Integrating philosophy into modern times. The inherent risks! Eastern philosophy (colour me in!) ‘Hi, one happiness please.’ Viewing eastern philosophy with western eyes.
A few years ago, whilst living in London I, like many others struggled to contend with rising prices of rent. I had finished studying Music Technology at Kingston University and had set aside some money to survive on before I got a job in the music industry. I had been armed with a sense of entitlement adorned by the various well-meaning university lecturers who lifted me with praise. As the years passed, London had begun to mutate rapidly – boroughs rife with crime and the foreboding scenery became gentrified and re-appropriated into a playground for the wealthy.
‘I can’t fail, so and so from that movie… you know… the one in the cinema last month… he composed the music! He said my work was great! He invited me to a tutorial, they wanted to confirm I hadn’t cheated!’
Before graduating, I had networked and corresponded with multiple high-profile studios and agencies – many of which like my teachers spoke highly of my work and so flirted with notions of future employment.
The fact this article is published in an illustration portfolio is a self-explanatory clue as to how plans unfolded. Although – as we all know – London is prohibitively expensive to exist in (if a life lacking in material suffering is desired). I didn’t quite leave but held the city with a fragile and warring grip for as long as I could.
I had begun to squat with a group of Italian men, on the outskirts of London above Costa. I was working full time at the phone shop (I still do), to save for another deposit for a place to live. My assistant manager at the time, Karyl washed my clothes for me as it was summer and they began to project a fragrance of perpetual staleness. I had been working on an exhibition in the property, and begun to feel like a modern Bukowski (don’t let poets lie to you). My health of course deteriorated – there weren’t any mirrors there – so I hadn’t noticed how sad my eyes looked.
How valuable this time was! I had acquired a new set of hobbies – my favourite though was travelling on the buses (not the bendy-busses, they were confiscated from the city and placed else ware). The maximum spend for the red buses was around £4.40, so you could effectively enjoy a London day out with little expenditure. I would read every Pitchfork review and listen to new albums with studio quality headphones and DACs isolating the sound of the city and so soaked in the visual carousel of TfL's network. I began to map out the city, it’s people and the zones that quantized them into pens. Such an outlook may only be afforded in the midst of so-called depression. I had begun to read novels that bludgeoned me with speculation.
In a job interview, you can spin anything – I (could) form a self-portrait with strands of experience and piece them together like a cheap and hastily sewn tapestry and present this forward as a summation of my being. That rarely works – but when you apply the act of sewing facts together like this and turn it inwards and project such imagery in day to day life you can create a narrative. You needn’t bother with an internal monologue – in fact, the frictional half-truths will eat away integrity to the point the internal voice is just a reminder to maintain outward lies. In the grand scheme of it all, I am so well off, so fortunate, and so have no right what so ever to brandish such experience as a way of life. It was a holiday.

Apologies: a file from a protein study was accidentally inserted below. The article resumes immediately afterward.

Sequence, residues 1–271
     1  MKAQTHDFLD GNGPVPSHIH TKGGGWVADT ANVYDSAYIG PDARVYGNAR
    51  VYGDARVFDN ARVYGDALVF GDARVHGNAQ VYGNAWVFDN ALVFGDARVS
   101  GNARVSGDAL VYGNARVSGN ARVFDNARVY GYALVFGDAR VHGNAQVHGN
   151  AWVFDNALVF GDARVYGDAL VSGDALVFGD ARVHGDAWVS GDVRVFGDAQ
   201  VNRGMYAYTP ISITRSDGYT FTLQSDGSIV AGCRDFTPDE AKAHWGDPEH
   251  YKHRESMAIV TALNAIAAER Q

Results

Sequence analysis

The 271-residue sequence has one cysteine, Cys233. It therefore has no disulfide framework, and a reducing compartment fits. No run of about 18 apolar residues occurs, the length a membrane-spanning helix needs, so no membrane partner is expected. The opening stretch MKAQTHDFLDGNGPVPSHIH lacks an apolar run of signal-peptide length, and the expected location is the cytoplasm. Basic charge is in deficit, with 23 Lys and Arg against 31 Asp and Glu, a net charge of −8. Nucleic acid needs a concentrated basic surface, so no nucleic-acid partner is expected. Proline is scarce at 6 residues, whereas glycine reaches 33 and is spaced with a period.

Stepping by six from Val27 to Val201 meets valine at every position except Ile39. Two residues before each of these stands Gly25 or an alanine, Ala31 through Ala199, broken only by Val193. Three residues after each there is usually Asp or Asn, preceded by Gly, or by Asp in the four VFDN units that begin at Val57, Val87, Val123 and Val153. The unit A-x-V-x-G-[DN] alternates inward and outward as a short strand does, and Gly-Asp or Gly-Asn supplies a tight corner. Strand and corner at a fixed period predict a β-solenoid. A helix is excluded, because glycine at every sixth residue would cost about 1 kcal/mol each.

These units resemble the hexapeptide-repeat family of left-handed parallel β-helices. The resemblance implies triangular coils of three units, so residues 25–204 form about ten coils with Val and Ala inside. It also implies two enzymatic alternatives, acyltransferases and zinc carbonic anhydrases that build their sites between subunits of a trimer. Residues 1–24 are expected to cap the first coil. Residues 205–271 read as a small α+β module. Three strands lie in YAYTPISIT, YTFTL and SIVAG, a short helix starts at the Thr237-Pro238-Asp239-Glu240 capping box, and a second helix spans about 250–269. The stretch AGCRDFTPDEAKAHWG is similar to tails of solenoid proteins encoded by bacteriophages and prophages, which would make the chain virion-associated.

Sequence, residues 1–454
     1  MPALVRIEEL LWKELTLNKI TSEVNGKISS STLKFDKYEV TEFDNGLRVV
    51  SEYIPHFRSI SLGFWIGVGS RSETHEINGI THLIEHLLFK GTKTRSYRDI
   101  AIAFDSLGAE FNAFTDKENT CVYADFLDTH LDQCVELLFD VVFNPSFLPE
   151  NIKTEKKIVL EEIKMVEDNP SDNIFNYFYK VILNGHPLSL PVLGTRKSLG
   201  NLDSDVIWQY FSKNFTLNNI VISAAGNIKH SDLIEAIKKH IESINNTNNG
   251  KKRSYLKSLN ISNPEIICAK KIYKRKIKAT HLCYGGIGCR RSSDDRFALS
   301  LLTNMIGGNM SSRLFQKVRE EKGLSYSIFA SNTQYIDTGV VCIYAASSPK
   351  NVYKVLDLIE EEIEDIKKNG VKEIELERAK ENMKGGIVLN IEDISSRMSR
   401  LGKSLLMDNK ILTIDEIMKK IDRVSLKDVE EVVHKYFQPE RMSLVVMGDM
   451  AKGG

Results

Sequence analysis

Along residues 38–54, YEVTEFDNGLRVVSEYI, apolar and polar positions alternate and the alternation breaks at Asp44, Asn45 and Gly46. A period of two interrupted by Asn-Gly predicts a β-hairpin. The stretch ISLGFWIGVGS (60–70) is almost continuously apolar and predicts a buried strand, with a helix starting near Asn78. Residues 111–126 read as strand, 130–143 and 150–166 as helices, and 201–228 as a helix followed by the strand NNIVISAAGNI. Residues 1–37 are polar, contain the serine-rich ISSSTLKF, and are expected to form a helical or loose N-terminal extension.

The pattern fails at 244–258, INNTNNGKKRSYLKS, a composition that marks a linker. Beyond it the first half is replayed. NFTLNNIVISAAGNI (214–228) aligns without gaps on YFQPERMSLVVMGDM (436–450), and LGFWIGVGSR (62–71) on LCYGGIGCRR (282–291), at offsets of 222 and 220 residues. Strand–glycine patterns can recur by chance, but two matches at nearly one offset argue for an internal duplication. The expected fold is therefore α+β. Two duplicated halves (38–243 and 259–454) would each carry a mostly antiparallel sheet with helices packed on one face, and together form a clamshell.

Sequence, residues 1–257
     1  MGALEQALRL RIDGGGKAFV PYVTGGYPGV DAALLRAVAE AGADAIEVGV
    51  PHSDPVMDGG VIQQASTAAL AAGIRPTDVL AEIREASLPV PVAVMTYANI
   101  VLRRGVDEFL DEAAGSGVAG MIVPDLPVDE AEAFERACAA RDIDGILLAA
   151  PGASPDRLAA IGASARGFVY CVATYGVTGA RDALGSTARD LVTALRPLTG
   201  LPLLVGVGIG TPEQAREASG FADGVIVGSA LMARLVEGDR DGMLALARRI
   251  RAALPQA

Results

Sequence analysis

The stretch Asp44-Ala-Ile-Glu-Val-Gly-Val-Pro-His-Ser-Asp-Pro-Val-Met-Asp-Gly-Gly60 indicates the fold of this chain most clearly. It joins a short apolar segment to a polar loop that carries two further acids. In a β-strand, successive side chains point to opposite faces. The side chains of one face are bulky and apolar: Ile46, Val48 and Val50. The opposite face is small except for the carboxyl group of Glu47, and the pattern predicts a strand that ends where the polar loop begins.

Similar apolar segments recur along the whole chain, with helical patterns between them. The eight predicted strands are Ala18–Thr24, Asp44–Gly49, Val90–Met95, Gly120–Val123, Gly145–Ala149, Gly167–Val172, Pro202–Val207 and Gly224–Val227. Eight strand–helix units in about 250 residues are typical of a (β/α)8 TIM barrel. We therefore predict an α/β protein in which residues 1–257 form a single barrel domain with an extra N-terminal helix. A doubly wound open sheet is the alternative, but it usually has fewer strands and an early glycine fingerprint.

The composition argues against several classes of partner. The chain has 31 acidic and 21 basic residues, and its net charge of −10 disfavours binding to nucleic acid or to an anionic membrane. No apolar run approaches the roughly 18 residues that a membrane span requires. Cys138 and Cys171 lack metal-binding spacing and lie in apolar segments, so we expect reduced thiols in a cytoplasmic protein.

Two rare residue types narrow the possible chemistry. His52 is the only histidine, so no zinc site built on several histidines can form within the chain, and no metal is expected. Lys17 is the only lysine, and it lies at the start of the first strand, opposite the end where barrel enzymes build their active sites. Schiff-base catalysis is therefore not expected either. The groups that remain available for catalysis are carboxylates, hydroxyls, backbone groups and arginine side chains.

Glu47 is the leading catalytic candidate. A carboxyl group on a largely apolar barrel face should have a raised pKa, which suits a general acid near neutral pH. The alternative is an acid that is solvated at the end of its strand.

I dredge because this was a wonderful time. Only then could I bathe in the aesthetics of music, art and the world around me with unrivalled attention. I can’t get away with such a life anymore and shouldn’t - for when I look back, I smile without hesitation at my naivety and how little I knew. London was a portrait of humanity, with everyone clawing away to reach great heights, I started to spectate on those who kept the world afloat; and by that, I mean the bus drivers, litter pickers and shop workers – and so an unwavering sympathy manifested and set permanent residence in me. To suffer at the bottom felt courageous, and for those at the top I feel must have felt the vertigo and nausea you feel when looking down on others as small specs of colour; no one is safe from the burden of existence (hey Sartre, so so sorry for that). It may cost £6.50 for a pint of average hops in Brixton, and it may be easy to exist within the superficiality – but what a tragedy this is for the individual.
Obviously, I couldn’t say such a thing before colliding with existential philosophers like Camus, and Sartre. I am aware these books granted me new lenses of sight, but (in keeping with the analogy here…) The lenses are dirty and only mildly illuminating.
This is perhaps why I am here writing about such a topic. And why I am in love with illustration. What I am sure of though, is that we are born into a world of extravagant complexity and nuance.
My much-discussed notion of looking at eastern philosophy with western lenses worries me immensely. It feels like gentrification to me, like the BBC inviting ‘Big Nastie’ to report the weather… the mindfulness colouring in books… This; curiously, is what drives my project and image making. Unlike the 2012 Robert, there is no entitlement anymore. I think I might feel better now.
Let’s never mention this again.